Pumpking beer, pumpkin lattes, pumpkin cookies, pumpkin-spiced…you name it. Our obsession with pumpkins knows no bounds.
Even if you hate the taste of pumpkins, you might still be soothed by the sight of them. And there’s a reason for that.
What’s with our obsession with pumpkins?
Most pumpkin-flavored things don’t really taste like pumpkin or even contain pumpkin – in fact, most are made with a different type of squash altogether. We’re mostly in it for the spices.
Still, there’s a reason we market everything as “pumpkin flavored” – and it’s all about nostalgia.
According to NPR (cited below), a professor of American Studies at St. Louis University named Cindy Ott wrote a book titled Pumpkin: The Curious History of an American Icon in which she describes why we’re so drawn to the round, orange gourds.
“It’s a vegetable that represents this idyllic farm life, and the best sort of moral virtue. And Americans have become attached to that,” she said.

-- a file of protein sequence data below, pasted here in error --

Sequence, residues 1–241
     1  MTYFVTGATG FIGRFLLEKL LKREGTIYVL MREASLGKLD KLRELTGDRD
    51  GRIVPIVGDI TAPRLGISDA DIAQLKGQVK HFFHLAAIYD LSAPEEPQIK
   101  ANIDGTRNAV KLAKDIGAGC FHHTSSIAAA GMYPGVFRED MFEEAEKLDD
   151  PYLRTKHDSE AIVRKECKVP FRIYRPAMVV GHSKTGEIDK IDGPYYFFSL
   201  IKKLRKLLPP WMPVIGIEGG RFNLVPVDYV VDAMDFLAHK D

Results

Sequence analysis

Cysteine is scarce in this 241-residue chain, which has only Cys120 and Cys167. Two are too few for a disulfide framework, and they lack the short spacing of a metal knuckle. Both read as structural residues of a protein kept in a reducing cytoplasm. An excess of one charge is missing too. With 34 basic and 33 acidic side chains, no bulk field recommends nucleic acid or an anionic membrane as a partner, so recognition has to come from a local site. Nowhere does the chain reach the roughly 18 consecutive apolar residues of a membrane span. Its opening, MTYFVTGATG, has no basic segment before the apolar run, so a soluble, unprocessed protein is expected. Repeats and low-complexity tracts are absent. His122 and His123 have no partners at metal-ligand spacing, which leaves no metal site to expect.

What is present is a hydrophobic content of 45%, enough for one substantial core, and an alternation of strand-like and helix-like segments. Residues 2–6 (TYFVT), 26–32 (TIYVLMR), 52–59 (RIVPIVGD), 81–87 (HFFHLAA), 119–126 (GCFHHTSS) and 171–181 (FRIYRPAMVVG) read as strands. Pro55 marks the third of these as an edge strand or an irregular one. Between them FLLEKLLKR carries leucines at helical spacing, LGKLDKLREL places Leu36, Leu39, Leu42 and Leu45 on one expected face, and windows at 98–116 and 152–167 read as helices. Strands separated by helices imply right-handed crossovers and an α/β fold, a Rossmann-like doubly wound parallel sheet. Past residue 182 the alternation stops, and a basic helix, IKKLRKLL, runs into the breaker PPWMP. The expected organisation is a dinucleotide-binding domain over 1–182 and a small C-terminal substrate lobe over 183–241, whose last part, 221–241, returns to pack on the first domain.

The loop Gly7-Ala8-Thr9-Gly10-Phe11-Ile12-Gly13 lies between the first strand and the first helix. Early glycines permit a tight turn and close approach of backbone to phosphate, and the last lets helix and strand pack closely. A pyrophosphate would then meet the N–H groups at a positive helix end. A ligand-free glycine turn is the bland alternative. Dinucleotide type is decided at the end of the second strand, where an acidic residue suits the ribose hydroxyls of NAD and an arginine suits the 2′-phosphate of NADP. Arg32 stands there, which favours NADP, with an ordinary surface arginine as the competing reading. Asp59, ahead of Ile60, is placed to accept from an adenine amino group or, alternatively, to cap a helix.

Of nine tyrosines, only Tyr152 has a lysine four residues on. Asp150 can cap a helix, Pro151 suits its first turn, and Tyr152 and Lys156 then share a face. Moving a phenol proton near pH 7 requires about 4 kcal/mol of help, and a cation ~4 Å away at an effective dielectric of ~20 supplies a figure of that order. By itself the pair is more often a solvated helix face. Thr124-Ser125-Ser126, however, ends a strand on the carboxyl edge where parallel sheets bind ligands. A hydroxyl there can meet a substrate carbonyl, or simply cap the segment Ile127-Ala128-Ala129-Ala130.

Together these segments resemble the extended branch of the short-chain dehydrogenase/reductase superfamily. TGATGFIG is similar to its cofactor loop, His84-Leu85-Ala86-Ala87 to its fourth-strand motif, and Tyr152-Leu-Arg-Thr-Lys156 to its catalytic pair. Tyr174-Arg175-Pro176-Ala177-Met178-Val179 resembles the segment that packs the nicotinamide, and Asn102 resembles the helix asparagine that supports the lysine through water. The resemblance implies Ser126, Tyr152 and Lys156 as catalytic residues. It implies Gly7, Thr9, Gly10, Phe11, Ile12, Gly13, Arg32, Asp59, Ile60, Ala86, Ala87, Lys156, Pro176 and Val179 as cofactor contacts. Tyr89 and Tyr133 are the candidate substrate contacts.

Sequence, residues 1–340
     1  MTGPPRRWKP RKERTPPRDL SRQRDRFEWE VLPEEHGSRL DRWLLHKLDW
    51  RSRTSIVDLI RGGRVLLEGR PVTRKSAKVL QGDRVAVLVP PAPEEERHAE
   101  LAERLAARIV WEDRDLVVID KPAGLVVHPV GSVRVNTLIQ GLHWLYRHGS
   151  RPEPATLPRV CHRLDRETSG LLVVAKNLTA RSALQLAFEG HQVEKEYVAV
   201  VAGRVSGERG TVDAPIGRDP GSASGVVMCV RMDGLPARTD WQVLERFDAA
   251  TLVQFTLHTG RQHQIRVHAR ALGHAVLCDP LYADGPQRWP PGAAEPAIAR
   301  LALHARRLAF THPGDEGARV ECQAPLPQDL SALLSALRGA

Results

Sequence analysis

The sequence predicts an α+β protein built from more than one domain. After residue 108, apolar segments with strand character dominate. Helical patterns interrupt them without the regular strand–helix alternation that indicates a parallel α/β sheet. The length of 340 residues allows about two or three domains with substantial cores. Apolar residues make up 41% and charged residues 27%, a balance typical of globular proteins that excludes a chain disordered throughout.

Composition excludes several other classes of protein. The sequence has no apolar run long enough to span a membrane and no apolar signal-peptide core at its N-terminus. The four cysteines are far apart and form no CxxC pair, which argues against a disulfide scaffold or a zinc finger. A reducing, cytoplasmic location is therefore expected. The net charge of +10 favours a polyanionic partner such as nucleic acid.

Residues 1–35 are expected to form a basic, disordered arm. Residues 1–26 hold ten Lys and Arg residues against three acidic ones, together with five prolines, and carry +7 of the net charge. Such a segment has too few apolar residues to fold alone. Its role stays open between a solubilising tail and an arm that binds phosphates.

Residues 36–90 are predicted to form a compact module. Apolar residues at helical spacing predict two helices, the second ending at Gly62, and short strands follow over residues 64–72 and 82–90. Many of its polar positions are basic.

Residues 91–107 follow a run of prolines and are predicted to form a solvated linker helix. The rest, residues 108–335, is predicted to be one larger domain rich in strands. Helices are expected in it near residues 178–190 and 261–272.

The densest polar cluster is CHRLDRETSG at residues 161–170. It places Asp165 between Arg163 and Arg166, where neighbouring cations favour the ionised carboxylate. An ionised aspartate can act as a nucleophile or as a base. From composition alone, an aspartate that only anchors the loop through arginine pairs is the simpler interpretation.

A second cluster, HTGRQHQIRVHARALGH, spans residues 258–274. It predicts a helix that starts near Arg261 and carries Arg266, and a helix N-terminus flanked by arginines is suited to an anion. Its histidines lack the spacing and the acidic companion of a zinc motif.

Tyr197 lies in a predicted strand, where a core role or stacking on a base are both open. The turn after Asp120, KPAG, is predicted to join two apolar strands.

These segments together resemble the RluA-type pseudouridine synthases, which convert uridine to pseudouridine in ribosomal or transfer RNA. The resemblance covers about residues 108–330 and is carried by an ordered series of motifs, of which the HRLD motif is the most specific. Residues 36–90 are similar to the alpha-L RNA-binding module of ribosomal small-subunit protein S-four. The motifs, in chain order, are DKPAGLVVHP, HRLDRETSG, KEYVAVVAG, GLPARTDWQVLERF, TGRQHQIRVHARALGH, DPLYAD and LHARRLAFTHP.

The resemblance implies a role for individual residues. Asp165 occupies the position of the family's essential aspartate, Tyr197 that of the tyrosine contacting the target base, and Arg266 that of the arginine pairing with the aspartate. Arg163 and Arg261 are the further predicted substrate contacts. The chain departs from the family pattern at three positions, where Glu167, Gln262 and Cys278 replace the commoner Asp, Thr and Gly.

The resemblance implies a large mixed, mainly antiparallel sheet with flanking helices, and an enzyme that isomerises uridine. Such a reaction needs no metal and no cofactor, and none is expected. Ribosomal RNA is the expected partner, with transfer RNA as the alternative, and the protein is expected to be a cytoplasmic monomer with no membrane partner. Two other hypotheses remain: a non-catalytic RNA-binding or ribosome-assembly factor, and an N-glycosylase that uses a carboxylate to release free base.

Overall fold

“‘The rehab of pumpkin’s popularity began when 19th century Americans began to move away from rural life and into the city,’ Ott says. ‘People became stressed about… moving into the office and off the farms, and [the pumpkin] starts to appear in poems and in paintings,’ she says. ‘We’re celebrating the nostalgia for this old-fashioned, rural way of life that no one ever really wanted to stay on, but everyone’s always been romantic about.'”
Recycling pumpkin-flavored ideas
Did you know pumpkin beer isn’t a new phenomenon? Pumpkins were once the food of pure desperation.
NPR explains that “…pumpkin beers and pumpkin breads have been produced since colonial times, Ott says that they weren’t always the specialty foods that they are today. ‘Pumpkin beer was used when there was no barley. [If] there was no wheat for bread, they used pumpkin [for] bread,'”
If anyone mocks you for your pumpkin-flavored obsession, just tell them you’re helping the economy.
“Big corporations advertise many pumpkin-themed products, but due to their limited seasonal availability, many fresh pumpkins sold every fall still come from local family farms,” Ott told NPR. “And that’s actually helping to rejuvenate those farms.” — WTF fun facts